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Berberova's wonderful novel about three love affairs... Like Turgenev and Chekhov, of whom she is the rightful heir, is uncannily shrewd about romance, about its bright promise, without making her characters' real satisfaction seem trite.

New York Review of Books

In Cape of Storms, Nina Berberova portrays a very specific generation––one born in Russia, displaced by the Revolution, and trying to adapt to a new home, Paris. Three sisters––Dasha, Sonia, and Zai––share the same father, Tiagen, an attractive, weak-willed, womanizing White Russian, but each thinks differently about her inner world of beliefs and aspirations, and consequently each follows a different path. Dasha marries and leaves for a bourgeois expatriate life in colonial Africa. Zai, the youngest, and an appealing adolescent, flirts with becoming an actress or a poet. Sonia, the middle daughter, completes a university degree but falls victim to a shocking tragedy. Cape of Storms is a shattering book that opens with a hair-raising scene in which Dasha witnesses her mother’s murder at the hands of Bolshevik thugs, and ends with the Blitzkrieg sweeping toward Paris. It is unparalleled in Berberova’s work for its many shifts of mood and viewpoint and secures the author’s place as "Chekhov’s most vital inheritor" (Boston Review).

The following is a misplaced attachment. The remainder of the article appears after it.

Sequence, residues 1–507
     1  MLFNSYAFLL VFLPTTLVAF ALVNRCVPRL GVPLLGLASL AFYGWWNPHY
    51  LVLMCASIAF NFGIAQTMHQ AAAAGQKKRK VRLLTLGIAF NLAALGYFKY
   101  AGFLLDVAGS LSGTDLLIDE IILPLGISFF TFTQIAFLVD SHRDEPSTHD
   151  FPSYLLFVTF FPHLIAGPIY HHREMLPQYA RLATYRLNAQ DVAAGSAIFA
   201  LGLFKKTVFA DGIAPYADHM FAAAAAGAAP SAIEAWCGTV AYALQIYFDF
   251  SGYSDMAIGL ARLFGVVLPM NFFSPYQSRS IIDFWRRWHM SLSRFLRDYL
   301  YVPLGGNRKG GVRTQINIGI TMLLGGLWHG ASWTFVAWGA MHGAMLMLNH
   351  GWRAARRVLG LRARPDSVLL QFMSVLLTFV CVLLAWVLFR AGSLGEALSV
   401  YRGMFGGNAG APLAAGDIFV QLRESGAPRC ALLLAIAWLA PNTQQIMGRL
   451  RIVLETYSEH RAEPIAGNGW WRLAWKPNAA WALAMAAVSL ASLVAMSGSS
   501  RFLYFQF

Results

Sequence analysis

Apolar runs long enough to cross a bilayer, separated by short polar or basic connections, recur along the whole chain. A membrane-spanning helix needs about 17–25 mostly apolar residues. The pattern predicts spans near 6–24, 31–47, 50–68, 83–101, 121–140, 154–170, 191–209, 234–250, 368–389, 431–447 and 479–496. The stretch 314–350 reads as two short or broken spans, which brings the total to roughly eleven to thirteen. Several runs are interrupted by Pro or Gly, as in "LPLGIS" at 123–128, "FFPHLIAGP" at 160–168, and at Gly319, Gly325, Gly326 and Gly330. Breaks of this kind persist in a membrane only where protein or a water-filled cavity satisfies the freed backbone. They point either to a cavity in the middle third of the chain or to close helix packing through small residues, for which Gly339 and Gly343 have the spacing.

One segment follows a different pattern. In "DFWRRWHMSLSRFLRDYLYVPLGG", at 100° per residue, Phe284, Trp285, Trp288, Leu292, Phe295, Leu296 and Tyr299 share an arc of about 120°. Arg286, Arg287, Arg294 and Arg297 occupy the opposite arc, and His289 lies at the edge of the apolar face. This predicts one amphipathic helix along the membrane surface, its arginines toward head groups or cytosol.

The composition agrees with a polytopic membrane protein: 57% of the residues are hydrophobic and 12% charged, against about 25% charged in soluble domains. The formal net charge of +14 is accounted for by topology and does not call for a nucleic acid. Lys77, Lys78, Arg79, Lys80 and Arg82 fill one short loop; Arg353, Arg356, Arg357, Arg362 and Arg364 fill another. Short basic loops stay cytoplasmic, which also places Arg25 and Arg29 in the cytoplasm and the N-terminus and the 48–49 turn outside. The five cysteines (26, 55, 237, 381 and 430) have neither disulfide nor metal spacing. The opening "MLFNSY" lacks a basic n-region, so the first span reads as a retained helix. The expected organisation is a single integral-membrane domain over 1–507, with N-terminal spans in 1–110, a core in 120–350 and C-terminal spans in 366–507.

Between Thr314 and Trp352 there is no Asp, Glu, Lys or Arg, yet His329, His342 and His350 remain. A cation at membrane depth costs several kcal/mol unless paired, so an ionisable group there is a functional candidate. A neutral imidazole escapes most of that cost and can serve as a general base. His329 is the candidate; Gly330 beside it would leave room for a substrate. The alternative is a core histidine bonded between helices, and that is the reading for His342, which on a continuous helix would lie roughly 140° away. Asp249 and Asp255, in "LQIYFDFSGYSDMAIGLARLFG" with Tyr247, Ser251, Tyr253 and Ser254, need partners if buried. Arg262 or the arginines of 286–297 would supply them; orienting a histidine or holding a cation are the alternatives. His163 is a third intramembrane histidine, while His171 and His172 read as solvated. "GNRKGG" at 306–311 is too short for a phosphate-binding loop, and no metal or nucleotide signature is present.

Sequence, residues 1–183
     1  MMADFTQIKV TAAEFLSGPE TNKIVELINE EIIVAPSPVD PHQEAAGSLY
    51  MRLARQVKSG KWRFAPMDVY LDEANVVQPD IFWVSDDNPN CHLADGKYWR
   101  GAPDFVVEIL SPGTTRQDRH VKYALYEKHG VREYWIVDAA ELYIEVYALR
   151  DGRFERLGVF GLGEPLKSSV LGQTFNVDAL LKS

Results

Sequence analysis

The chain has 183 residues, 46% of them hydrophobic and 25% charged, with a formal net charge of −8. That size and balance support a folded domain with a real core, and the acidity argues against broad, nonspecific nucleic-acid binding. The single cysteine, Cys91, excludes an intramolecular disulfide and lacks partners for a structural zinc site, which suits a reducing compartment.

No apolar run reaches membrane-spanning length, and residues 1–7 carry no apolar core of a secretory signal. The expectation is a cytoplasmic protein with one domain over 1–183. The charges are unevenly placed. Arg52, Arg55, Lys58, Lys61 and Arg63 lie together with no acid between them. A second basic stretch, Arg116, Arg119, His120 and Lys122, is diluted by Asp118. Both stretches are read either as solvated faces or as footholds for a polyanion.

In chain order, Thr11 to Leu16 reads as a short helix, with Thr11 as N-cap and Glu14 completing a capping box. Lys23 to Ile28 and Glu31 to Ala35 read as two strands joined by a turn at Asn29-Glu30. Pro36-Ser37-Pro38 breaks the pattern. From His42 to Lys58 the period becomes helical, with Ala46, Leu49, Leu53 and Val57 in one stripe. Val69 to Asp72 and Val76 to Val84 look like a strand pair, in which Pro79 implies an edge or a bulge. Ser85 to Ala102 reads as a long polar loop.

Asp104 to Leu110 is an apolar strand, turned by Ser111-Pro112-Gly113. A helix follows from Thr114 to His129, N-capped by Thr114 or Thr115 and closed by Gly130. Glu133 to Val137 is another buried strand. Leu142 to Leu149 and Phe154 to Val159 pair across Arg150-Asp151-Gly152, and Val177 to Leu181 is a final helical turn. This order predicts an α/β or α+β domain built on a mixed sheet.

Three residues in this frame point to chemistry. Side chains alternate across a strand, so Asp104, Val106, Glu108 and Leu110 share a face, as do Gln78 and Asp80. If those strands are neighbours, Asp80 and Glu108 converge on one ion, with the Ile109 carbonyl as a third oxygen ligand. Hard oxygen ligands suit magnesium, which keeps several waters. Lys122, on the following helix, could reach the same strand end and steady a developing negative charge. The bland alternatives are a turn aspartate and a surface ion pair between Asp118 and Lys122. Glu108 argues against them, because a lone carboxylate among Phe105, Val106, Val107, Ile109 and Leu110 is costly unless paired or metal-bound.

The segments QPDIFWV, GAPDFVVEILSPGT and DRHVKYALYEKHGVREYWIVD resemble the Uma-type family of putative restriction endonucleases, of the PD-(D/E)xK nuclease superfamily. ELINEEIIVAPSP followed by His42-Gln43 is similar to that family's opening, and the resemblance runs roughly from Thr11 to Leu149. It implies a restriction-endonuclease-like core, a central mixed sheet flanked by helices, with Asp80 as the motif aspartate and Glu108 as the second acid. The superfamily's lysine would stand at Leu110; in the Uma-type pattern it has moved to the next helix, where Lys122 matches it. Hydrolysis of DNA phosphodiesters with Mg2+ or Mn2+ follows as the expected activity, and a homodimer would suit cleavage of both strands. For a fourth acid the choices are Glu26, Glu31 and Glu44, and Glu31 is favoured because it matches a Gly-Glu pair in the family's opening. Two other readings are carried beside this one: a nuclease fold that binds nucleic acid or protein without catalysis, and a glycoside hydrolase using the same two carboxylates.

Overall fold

Cape of Storms

Fiction by Nina Berberova

translated by Marian Schwartz
published November 1st, 1999